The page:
But where does that leave us if the company truly just doesn't seem to care? Unfortunately there's no easy answer. Look, it's just hard. We're no longer talking just about 'can you fix my product?' "It's shifted into a personal relationship now,” says Karmarkar.
Ask yourself: Do you want restitution or do you want to punish them?
But “there are certainly ways of trying to retain your agency,” Karmarkar says. You can “look for other ways to communicate your frustration and take actions you feel bring you closer to restitution” — otherwise known as the 'ask for the manager' approach. There's an interesting balance happening here though, she notes. “Do you want restitution or do you want to punish them”? (Can't it be both? I sometimes wonder!)
That's also hard to recommend, she says, because “what if they don't respond? You're stuck and now you have two points of frustration.”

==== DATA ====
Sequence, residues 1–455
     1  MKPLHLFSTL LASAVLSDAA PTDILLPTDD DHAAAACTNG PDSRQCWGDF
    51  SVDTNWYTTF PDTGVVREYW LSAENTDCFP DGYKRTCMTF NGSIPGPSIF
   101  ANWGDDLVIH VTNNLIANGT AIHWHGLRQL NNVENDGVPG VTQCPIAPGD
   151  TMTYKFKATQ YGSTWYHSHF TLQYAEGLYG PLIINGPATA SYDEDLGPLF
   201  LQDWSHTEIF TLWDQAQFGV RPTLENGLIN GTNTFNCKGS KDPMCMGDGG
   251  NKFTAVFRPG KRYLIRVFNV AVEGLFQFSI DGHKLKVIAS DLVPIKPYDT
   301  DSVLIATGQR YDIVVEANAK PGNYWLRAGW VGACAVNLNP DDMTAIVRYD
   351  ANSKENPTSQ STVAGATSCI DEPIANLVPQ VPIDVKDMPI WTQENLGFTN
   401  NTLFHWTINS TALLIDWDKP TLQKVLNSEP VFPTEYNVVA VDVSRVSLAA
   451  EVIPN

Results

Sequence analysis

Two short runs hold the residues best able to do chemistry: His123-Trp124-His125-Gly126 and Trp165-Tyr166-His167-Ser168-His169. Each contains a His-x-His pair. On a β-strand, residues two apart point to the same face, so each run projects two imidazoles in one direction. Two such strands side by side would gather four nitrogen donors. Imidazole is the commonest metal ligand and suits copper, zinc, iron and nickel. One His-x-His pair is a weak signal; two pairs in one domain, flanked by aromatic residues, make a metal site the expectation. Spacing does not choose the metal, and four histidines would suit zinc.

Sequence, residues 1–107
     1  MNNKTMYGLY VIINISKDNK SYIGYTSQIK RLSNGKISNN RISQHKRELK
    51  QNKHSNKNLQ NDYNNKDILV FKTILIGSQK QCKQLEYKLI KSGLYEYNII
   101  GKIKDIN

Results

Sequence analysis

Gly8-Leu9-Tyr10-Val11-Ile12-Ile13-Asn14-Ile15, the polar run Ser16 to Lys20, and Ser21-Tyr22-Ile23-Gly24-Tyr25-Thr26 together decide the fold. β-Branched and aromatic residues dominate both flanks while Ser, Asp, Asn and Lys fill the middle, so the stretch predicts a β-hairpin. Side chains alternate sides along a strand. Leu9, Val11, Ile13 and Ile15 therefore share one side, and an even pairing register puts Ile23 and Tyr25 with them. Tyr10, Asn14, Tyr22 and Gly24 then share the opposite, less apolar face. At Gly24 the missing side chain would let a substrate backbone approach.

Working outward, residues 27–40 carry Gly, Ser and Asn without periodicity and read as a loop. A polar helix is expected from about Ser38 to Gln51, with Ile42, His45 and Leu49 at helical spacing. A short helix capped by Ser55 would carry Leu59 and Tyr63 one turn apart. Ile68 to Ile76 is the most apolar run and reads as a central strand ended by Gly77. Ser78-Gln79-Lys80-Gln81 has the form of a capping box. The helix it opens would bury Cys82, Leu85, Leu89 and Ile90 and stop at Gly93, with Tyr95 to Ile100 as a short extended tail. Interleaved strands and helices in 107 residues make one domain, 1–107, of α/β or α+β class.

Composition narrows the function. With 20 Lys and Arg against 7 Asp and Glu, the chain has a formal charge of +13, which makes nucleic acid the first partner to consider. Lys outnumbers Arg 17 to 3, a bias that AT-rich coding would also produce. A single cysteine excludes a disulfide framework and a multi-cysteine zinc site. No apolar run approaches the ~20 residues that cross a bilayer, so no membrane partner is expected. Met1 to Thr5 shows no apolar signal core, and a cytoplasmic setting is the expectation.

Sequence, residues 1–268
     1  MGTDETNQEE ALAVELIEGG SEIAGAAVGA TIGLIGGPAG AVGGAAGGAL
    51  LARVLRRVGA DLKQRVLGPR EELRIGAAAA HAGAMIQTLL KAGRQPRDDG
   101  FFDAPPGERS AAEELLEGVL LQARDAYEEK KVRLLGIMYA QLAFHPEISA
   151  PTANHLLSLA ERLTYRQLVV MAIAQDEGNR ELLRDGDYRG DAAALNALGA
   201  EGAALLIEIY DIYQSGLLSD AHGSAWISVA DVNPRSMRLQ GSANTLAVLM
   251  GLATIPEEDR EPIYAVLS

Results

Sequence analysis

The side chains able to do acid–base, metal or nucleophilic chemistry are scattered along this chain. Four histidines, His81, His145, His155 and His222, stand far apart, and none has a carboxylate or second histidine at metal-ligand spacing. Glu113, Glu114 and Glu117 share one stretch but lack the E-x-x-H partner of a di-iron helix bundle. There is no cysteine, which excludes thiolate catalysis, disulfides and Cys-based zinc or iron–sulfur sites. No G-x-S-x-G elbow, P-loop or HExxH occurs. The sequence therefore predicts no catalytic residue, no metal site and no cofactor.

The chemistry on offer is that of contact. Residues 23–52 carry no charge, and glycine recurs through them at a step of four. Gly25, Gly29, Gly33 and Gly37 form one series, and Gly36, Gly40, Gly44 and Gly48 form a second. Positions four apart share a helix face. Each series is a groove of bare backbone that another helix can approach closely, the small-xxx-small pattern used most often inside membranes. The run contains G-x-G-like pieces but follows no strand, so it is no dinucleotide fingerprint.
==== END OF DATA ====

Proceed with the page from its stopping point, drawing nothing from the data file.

Then a “lovely suggestion but a difficult one,” she says is to “humanize the interaction from the other person's point of view … create reasons for why they're treating you this way. Maybe they're having a bad day, maybe they have a bad boss.” But is that likely for most of us? “It requires a lot a lot of empathy and compassion after you've been harmed,” Karmarkar acknowledges. “It's so hard because you've placed your trust in them [and then you were] punished.”
Because a key factor here is the feeling of being wronged, another way of finding your way out of the rabbit hole is to seek validation elsewhere, according to Karmarkar. Enter Twitter. But tread carefully, she cautions. While this can serve two purposes — trying to get a response from the company, and getting validation from others that you were treated poorly — and may provide relief, “the ugly shadow to that is holding that resentment over time — a grudge,” she says. “Where every time I think of it I'm angry again.”